Can the Doctor and his often disorganized staff known as the Philadelphia 76ers do in the Mountain Man, or will Portland and the Family Trail Blazers once again prove that a good team can beat five good individuals?

The Trail Blazers and 76ers square off in game one of their National Basketball Association championship series this afternoon at the Spectrum in Philadelphia (WTOP-TV9 at 1:30) in the classic matchup of team versus individual.

"We've taken a lot of heat this year, and some of it was deserved," said Philadelphia's George McGinnis. "But when this season started, there were 22 teams playing. Now there are only two."

Those two are as different as the stars who lead them. Julius (Dr. J) Erving is the dream basketball player, the one-on-one artist, the dunker par excellence, the showman. He is as flashy as his nickname indicates and as good as all of his advanced notices.

"The big thing we have to worry about, the problem, is Julius Erving," said Portland coach Jack Ramsay.

Bill Walton, the 6-foot-11 Portland center is the ideal team player. He makes every Trail Blazer better and does all of the unselfish things. He isn't flashy and doesn't give a fancy nickname.

Walton is a major problem," Philadelphia coach Gene Shue said. "He's one of those dominating centers and he has no apparent weaknesses. He's just an exceptional basketball player."

Walton was eighth in the NBA in field goal percentage, first in rebounding and first in blocked shots.

Portland was 44-21 in games Walton played and 5-12 in those he missed because of injury.

The 76ers seem to be trying to be little carbon copies of Erving. They gyrate, they run, they slam dunk and they please the crowd.

One of their biggest problems is that, while the Doctor knows what else they have to do, many of his teammates don't.

Portland doesn't have that problem. They run a text book fast break, they press on defense and they make the opposition play their game.

The 76ers have won all season by outrunning their opponents. No one outruns the Trail Blazers.

Indeed, the 76ers may have more trouble than expected slowing down the aptly named Blazers due to a spate of recent injuries. Center Darryl Dawkins is undergoing treatment for an inflamed right eye and reserve forward Steve Mix, a former all-star, missed Saturday's workout and a sprained left ankle.

Erving and Walton won't be matched against each other.

Erving will be working mainly against Bob Gross. Gross has nowhere near the talent of Erving, but he can run like a race horse. In the past, fast forwards have given Erving the most trouble.

Walton will be going against Caldwell Jones and Darryl Dawkins. Jones can play defense and block shots and Dawkins can play offense. Together they may equal Walton, but they can only play one at a time. Advantage Walton.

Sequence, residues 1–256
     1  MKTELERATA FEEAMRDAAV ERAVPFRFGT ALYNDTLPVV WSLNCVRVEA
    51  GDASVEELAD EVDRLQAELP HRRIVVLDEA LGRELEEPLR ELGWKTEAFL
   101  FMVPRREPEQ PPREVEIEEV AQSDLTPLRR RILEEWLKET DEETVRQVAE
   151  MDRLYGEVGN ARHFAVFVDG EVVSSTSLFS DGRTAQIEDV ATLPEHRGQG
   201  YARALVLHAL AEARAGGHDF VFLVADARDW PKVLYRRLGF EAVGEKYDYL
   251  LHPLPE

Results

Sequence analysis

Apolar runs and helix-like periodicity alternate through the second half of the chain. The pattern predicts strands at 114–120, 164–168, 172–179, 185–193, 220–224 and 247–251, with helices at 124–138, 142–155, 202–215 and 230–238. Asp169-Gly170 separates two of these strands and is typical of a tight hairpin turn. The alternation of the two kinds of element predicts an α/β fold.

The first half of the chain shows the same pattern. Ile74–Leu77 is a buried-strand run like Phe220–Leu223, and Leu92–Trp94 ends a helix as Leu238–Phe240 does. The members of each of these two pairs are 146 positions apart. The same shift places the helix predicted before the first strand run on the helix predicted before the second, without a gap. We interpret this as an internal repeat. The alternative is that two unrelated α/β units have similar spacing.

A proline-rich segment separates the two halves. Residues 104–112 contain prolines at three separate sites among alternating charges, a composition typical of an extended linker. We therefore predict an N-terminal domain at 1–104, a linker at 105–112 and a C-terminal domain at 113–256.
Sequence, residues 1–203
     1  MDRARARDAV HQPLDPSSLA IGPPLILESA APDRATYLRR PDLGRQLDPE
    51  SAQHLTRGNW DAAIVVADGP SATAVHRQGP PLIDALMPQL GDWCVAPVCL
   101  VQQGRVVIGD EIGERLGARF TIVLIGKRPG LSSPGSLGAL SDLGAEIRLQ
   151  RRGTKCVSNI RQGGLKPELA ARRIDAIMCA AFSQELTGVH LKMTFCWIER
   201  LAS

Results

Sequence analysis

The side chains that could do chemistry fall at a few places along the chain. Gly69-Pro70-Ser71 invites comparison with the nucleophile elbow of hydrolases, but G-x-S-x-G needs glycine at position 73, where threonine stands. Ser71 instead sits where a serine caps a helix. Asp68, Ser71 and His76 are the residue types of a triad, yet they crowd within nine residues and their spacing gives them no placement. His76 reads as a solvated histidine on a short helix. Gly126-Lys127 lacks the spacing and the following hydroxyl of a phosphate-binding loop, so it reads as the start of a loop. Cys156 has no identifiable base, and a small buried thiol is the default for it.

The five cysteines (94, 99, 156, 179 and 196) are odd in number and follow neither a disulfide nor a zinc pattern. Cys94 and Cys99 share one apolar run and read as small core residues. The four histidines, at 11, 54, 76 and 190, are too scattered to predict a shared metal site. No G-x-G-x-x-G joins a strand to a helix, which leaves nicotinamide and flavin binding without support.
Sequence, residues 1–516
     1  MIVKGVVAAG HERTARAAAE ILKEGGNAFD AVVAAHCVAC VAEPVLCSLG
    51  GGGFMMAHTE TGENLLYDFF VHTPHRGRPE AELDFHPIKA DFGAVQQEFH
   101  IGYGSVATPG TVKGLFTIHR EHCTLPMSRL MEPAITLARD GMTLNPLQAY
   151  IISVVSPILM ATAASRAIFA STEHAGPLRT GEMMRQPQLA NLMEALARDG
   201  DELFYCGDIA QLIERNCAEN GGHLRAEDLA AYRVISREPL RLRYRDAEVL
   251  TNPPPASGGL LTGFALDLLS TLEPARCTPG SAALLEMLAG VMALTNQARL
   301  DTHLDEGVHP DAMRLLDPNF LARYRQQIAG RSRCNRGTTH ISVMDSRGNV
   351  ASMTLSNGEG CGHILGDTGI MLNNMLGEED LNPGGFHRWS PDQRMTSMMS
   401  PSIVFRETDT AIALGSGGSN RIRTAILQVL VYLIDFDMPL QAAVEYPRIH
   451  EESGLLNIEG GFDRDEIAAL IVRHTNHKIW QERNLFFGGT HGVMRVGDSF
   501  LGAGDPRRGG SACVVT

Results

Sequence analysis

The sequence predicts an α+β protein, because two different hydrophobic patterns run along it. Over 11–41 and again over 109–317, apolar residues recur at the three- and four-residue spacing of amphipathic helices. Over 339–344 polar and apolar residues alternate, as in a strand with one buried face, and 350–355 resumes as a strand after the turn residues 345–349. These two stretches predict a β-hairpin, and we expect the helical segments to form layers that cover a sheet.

When the ball goes to either Jones or Dawkins, the 76ers offense usually comes to a halt. When the ball goes to Walton, the Trail Blazers have just begun.

The big matchup is at power where the seemingly overrated McGinnis tangles with the underrated Maurice Lucas. When the series is over, many NBA observers feel McGinnis will no longer be overrated or Lucas underrated.

The Trail Blazers definitely have the advantage in the backcourt. Philadelphia's Doug Collins will get his points, no doubt, but the super-quick Trail Blazers will put more pressure on the 76ers than they have seen yet in the playoffs.

Henry Bibby is the Philadelphia playmaker and speed isn't his long suit.

Lloyd Free, who can run, is out with a fractured rib, so Mike Dunleavy, another slow player, is the third guard.

Ramsay delights in that. He has Lionel Hollins, Johnny Davis, Dave Twardzik and Herm Gilliam to call on. All are quick, fast and do they love to run.

"We're going to use a lot of pressing stuff," said Portland assistant coach Jack McKinney. "We feel we can pressure them without hurting ourselves."

Ramsay says his team "has to attack quickly. We can't let them (the 76ers) run and we can't let them set up their one-on-one offense."

Shue is gearing himself for the inevitable pressure.

"They have great quickness," he said of the Trail Blazers. "That's what we have to contend with. They win their games on defense and by pressing. They are very aggressive.

"There just isn't any team in the league like this team. They gear their offense to their defense. They play fast-break basketball and over the year that is the style that has given us a problem."

The two teams split their four regular-season games, each winning both its home games.

The one thing that is in the back of the 76ers minds, however, is the 146-104 drubbing the Trail Blazers handed them back in November in Portland.

"That hurt," Erving said, "hurt real bad."

The second game of the best-of-seven series will be played Thursday at the Spectrum with games three and four in Portland.